Biochemistry Alum, Tristram Parslow, receives CCOM Distinguished Alumni Award for Achievement

Friday, April 27th, 2018

Tristram Parslow, 1983 MD/PhD with Dr. Daryl Granner, was recently awarded a Carver College of Medicine Distinguished Alumni Award for Acheivement. Dr. Parslow has excelled in every aspect of his career—as a researcher, teacher, and department leader. His early work at the University of Iowa on immunoglobulin gene expression addressed issues that stumped Nobel laureates and National Academy of Sciences members. While on the pathology department faculty at the University of California, San Francisco at the height of the AIDS epidemic, Dr. Parslow engaged in a series of studies of the molecular virology of HIV and other RNA viruses, including influenza. In the 14 years since Dr. Parslow joined Emory University as chair of the Department of Pathology, their annual National Institutes of Health funding has grown from $12 million to $34 million. He continues to lead and mentor others in the field, both at Emory and as president of the Association of Pathology Chairs.

2017 Biochemistry Newsletter now available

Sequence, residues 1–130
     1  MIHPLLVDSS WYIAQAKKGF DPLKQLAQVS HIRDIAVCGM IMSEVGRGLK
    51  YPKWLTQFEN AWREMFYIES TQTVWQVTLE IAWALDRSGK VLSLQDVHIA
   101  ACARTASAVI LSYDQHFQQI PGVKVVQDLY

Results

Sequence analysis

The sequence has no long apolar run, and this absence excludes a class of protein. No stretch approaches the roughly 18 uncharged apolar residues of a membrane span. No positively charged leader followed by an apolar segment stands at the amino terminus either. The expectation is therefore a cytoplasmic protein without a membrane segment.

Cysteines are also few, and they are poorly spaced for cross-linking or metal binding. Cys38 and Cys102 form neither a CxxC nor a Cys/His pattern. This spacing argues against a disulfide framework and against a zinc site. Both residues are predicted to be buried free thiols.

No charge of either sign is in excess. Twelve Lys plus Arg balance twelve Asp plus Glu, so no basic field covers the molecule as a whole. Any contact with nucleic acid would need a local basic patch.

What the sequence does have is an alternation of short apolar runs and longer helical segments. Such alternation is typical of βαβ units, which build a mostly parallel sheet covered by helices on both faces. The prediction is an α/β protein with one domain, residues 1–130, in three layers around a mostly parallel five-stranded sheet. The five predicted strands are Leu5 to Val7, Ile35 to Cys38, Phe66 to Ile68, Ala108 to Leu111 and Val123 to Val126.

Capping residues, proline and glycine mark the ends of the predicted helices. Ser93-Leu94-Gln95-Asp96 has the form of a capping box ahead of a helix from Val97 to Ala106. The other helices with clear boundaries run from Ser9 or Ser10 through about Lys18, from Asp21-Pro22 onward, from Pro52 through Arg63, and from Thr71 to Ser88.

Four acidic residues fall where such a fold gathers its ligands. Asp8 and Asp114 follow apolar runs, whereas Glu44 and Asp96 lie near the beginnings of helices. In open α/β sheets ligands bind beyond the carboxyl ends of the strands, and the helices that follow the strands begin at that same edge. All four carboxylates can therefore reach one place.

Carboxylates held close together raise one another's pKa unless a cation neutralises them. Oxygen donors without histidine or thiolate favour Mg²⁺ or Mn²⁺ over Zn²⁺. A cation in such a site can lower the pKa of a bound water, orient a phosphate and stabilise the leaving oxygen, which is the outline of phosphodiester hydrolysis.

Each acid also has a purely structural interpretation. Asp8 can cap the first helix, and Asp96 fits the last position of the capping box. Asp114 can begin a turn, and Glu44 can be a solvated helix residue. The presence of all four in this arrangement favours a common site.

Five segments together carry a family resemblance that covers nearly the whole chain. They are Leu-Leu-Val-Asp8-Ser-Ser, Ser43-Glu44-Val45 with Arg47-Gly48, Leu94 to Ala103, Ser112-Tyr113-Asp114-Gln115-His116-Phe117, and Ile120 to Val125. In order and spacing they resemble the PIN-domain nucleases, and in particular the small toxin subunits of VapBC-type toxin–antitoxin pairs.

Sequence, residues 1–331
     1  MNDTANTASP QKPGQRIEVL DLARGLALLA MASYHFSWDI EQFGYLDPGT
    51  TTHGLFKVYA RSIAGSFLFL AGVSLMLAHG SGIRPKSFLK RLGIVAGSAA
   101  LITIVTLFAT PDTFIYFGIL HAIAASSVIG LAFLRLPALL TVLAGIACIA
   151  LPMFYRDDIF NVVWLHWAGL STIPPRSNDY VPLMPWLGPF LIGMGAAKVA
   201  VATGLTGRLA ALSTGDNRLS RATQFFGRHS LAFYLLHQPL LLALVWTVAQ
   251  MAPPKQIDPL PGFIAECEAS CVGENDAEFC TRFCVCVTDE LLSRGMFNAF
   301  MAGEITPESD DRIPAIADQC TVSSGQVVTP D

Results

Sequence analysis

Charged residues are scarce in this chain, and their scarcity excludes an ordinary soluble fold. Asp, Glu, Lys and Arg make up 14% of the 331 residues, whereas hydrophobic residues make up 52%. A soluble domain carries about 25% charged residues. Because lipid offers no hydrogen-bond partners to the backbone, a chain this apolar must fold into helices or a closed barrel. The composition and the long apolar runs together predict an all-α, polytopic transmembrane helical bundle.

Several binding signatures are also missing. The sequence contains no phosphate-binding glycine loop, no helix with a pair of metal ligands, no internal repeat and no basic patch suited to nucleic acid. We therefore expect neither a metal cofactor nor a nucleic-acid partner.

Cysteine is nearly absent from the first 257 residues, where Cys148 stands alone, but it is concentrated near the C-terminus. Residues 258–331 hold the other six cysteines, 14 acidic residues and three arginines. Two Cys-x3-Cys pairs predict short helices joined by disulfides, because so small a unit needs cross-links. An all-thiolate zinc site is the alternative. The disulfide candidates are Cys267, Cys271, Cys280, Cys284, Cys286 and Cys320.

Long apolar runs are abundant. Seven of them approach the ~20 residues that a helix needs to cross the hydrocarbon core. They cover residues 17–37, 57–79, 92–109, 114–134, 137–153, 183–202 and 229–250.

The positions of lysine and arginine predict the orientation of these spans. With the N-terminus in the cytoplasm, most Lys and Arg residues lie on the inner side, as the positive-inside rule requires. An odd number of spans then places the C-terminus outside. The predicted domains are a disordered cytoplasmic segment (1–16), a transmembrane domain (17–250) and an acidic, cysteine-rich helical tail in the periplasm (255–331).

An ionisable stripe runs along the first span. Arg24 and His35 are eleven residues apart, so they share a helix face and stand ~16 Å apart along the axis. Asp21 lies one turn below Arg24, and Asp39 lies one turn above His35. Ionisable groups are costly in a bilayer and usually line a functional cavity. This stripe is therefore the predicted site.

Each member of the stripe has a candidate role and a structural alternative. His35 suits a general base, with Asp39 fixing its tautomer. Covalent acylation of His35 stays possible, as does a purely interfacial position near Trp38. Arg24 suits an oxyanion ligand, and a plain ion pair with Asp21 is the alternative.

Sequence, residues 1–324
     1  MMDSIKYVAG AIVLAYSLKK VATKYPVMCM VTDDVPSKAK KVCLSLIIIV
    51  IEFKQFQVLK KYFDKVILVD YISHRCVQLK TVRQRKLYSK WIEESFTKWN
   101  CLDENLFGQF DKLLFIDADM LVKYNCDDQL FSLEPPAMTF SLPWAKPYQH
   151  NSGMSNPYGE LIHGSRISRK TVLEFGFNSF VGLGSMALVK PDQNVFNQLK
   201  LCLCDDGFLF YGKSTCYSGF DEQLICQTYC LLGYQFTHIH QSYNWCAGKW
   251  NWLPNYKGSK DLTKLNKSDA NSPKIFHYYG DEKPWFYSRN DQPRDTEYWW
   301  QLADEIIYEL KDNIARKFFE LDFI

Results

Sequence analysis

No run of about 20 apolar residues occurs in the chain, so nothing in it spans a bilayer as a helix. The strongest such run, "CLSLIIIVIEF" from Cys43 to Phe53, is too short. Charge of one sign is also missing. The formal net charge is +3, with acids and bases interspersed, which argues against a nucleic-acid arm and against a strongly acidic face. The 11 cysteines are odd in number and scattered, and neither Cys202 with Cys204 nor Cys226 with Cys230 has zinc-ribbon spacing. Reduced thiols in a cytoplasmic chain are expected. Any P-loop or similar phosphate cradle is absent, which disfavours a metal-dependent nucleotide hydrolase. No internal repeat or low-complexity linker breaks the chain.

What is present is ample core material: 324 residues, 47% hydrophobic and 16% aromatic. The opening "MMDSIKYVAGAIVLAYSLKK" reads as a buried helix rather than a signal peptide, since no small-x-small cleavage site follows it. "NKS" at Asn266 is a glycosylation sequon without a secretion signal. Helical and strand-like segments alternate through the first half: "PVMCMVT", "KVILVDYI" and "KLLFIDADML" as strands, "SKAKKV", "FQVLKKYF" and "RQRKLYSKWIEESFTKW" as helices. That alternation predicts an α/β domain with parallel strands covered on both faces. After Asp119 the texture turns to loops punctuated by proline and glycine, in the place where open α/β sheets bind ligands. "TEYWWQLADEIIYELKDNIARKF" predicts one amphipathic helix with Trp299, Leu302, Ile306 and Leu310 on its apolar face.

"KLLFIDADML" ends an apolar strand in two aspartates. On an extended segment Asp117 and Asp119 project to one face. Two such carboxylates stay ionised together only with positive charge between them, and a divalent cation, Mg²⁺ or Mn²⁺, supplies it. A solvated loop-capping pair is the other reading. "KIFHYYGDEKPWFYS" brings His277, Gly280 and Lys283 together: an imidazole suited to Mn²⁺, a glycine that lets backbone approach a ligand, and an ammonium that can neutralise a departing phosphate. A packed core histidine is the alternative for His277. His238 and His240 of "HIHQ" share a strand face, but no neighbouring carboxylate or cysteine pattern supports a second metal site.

Thursday, November 16th, 2017

The 2017 Biochemistry @ Iowa newsletter is hot off the presses and available for download. Alumni and friends should receive a hard copy in the mail this week. If you would like to be added to our mailing list, please send your contact information to biochem@uiowa.edu. While you are at it, feel free to send us your news and updates! Previous newsletters are also available online.

Elizabeth Boehm receives 2017 Subramanian Thesis Award

Thursday, August 31st, 2017

Elizabeth Boehm, who completed her PhD with Dr. M. Todd Washington, has been awarded the 2017 Subramanian Award for best PhD thesis in the Department of Biochemistry. Dr. Boehm’s thesis was entitled “The regulation of translesion synthesis through binding and activation of polymerases by PCNA.” Elizabeth received her PhD in June 2016 and is currently a postdoctoral fellow in the lab of Johannes Walter at Harvard Medical School.